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J R Soc Interface. 2013 Jul 3;10(86):20130414. doi: 10.1098/rsif.2013.0414. Print 2013 Sep 6.

Interactions between serotypes of dengue highlight epidemiological impact of cross-immunity.

Author information

1
Division of Biostatistics and Epidemiology, University of Massachusetts, Amherst, MA 01002, USA. nick@schoolph.umass.edu

Abstract

Dengue, a mosquito-borne virus of humans, infects over 50 million people annually. Infection with any of the four dengue serotypes induces protective immunity to that serotype, but does not confer long-term protection against infection by other serotypes. The immunological interactions between serotypes are of central importance in understanding epidemiological dynamics and anticipating the impact of dengue vaccines. We analysed a 38-year time series with 12 197 serotyped dengue infections from a hospital in Bangkok, Thailand. Using novel mechanistic models to represent different hypothesized immune interactions between serotypes, we found strong evidence that infection with dengue provides substantial short-term cross-protection against other serotypes (approx. 1-3 years). This is the first quantitative evidence that short-term cross-protection exists since human experimental infection studies performed in the 1950s. These findings will impact strategies for designing dengue vaccine studies, future multi-strain modelling efforts, and our understanding of evolutionary pressures in multi-strain disease systems.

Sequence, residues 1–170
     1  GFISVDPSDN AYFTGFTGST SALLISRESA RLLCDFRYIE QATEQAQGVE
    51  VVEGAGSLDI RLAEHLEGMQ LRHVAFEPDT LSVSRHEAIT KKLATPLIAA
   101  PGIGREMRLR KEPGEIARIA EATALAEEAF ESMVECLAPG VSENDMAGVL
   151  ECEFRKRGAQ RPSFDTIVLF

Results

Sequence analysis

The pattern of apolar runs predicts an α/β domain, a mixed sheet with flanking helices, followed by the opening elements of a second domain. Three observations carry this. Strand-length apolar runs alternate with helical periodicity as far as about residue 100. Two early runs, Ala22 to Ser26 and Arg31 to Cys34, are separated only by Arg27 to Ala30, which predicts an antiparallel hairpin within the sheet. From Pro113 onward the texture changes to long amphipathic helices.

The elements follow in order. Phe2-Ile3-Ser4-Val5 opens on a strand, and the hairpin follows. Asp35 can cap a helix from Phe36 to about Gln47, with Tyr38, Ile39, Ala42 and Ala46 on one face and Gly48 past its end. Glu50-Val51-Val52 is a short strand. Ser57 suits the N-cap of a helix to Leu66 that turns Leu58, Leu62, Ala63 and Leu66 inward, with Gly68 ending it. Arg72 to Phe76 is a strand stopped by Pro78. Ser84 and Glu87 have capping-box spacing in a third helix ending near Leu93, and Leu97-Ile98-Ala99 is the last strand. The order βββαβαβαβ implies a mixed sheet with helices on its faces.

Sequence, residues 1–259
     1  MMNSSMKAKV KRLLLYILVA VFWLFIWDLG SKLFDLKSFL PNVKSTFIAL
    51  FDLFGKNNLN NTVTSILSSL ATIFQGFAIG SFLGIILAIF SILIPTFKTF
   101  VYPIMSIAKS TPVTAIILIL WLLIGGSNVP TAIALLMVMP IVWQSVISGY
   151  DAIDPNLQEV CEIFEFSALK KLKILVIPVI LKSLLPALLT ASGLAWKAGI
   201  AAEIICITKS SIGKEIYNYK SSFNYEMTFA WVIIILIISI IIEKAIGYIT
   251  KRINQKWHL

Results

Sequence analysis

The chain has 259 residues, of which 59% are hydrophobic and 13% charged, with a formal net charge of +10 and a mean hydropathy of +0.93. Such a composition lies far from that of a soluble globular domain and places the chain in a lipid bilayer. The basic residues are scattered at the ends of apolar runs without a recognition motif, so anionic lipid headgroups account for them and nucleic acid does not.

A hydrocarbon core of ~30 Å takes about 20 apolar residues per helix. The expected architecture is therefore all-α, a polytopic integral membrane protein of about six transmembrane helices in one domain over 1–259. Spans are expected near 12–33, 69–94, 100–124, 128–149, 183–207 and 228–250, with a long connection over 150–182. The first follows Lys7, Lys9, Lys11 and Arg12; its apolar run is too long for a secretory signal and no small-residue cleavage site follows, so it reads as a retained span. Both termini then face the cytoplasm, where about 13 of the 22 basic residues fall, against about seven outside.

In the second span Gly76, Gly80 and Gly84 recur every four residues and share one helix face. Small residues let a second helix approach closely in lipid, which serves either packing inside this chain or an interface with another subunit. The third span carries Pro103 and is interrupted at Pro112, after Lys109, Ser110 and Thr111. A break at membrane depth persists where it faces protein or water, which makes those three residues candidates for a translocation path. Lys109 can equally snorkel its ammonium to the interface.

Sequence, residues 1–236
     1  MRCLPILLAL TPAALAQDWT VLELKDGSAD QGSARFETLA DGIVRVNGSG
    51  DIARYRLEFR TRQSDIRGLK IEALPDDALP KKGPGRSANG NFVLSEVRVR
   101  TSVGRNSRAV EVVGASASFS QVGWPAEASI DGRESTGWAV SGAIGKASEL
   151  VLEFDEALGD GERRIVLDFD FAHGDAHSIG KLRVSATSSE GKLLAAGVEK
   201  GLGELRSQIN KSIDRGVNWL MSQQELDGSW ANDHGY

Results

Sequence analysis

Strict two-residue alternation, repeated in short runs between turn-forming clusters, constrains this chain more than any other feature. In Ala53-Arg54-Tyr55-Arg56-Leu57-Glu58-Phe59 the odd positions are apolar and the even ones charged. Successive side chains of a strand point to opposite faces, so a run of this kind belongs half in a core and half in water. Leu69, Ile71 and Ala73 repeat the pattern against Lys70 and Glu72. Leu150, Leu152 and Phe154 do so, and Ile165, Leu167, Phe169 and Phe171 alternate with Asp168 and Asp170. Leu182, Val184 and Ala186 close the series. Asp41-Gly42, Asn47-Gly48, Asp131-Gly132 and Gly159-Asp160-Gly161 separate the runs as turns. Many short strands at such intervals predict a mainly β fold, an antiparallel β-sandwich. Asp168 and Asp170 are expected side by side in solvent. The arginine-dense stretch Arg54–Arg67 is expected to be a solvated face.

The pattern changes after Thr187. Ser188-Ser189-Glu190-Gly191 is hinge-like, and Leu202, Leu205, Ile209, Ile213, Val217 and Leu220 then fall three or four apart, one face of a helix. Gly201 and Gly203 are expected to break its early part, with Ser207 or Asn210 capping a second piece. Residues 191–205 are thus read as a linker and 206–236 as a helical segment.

KEYWORDS:

cross-protection; dengue; infectious disease modelling; time-series models

PMID:
23825116
PMCID:
PMC3730691
DOI:
10.1098/rsif.2013.0414
[Indexed for MEDLINE]
Free PMC Article
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